How Edward G. Robinson Jr. Died of a Heart Attack at 40

Edward G. Robinson Jr. was an American actor and the son of the legendary Hollywood star Edward G. Robinson. He appeared in several films and TV shows in the 1950s and 1960s, but his career was overshadowed by his personal troubles and his father’s fame. He died of a heart attack at the age of 40 in 1974, only a year after his father passed away.

Early Life and Career

Edward G. Robinson Jr. was born on March 19, 1933, in Los Angeles, California. He was the fifth son of Edward G. Robinson and his wife Gladys Lloyd, who were both Romanian Jewish immigrants. His father was one of the most popular and respected actors of his time, known for his roles as gangsters and tough guys in films like Little Caesar and Key Largo.

Robinson Jr. followed his father’s footsteps and pursued an acting career. He made his film debut in 1952 in Invasion U.S.A., a Cold War thriller. He also appeared in some notable films such as Some Like It Hot (1959), where he played the killer of George Raft’s character, and The Ten Commandments (1956), where he played Dathan, the adversary of Moses. He also had roles in TV shows like Wagon Train, Laramie, Gunsmoke, and Markham.

However, Robinson Jr. never achieved the same level of success or recognition as his father. He often struggled to find good roles and was typecast as a villain or a minor character. He also faced competition from other young actors who were more popular and charismatic, such as Marlon Brando, James Dean, and Paul Newman.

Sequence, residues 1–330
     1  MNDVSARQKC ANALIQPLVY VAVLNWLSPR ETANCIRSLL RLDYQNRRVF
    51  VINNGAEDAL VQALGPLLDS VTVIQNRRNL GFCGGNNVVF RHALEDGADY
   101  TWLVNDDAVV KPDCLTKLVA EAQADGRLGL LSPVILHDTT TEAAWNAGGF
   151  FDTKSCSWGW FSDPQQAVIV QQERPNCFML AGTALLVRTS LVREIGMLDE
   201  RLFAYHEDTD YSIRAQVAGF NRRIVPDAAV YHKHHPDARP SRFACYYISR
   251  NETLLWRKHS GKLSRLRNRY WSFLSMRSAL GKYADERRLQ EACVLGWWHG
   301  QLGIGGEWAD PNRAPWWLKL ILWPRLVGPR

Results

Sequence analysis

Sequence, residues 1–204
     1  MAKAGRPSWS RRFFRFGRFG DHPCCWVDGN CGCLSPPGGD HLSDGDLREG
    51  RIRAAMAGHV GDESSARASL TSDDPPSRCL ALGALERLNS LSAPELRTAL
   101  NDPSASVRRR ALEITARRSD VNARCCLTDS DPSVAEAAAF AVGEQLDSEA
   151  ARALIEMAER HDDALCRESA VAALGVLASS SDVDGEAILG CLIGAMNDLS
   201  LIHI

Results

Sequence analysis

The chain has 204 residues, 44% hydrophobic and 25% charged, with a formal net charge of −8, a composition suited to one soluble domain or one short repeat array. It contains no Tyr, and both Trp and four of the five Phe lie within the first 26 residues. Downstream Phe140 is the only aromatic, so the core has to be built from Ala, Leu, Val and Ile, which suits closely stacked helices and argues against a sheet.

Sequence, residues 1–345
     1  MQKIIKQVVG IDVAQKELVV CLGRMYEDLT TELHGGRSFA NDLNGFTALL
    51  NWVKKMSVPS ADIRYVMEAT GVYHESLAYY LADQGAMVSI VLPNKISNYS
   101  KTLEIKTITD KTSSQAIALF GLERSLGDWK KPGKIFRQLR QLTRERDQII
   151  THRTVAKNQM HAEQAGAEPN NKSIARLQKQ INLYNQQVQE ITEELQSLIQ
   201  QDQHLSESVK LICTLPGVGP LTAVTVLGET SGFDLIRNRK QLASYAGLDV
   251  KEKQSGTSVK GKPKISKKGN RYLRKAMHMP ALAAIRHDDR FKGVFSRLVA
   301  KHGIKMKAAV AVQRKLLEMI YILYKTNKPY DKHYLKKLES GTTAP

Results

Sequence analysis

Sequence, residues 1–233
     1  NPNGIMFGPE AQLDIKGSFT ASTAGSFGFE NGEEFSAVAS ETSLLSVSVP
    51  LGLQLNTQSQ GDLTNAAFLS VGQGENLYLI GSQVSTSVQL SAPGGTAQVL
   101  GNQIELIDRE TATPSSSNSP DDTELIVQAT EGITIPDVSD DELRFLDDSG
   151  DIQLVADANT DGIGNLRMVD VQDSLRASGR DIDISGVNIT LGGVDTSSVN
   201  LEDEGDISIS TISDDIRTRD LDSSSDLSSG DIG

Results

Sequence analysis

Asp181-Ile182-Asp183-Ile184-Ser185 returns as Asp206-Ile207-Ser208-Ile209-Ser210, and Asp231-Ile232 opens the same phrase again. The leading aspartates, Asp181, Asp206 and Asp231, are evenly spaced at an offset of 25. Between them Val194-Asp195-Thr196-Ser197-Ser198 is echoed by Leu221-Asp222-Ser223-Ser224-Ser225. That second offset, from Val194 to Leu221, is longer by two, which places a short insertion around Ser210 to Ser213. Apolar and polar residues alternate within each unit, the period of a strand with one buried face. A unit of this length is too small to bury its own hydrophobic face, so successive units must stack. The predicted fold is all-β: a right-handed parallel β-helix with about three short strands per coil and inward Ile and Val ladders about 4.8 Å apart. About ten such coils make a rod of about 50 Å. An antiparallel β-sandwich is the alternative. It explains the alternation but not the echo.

Personal Life and Problems

Robinson Jr. had a turbulent personal life that was marked by alcoholism, drug abuse, legal troubles, and failed marriages. He married three times and had two children, Francesca and Shawn. His first wife was Frances Chisholm, whom he married in 1952 and divorced in 1955. His second wife was Ruth Elaine Menold Conte, whom he married in 1963 and divorced in 1965. His third and last wife was Nan Elizabeth Morris, whom he married in 1970 and stayed with until his death.

Robinson Jr. was arrested several times for drunk driving, assault, and disorderly conduct. He also had a paternity suit filed against him by a secretary named Lucille Kass, who claimed that he was the father of her daughter, born in 1966. A court ruled that he was indeed the biological father and ordered him to pay child support.

Robinson Jr. also had a strained relationship with his father, who disapproved of his lifestyle and career choices. He wrote an autobiography in 1958, titled My Father, My Son, where he revealed his resentment and admiration for his father. He also accused his father of being a Communist sympathizer and a bad parent. His father denied these allegations and tried to reconcile with his son, but their bond remained fragile.

Death and Legacy

Robinson Jr.’s health deteriorated in the early 1970s due to his long battle with alcoholism. He suffered from cirrhosis of the liver and heart problems. On February 26, 1974, he was found unconscious by his wife, Nan, in their West Hollywood home. His death came only a year after his father died of cancer at age 79.

Robinson Jr. was buried at the Hollywood Forever Cemetery, next to his father. He left behind a mixed legacy as an actor and a troubled son. He was never nominated for any major awards, but he received some praise for his performances in films like Some Like It Hot and The Ten Commandments. He was also portrayed by Evan Williams in the 2022 Netflix film Blonde, a biopic of Marilyn Monroe, according to The Hollywood Reporter.

Robinson Jr.’s life and death were tragic examples of how fame and fortune can sometimes come with a heavy price. He was a talented actor who could have achieved more, but he was overshadowed by his father and his own demons. He died of a heart attack at 40, leaving behind a legacy of unfulfilled potential and wasted talent.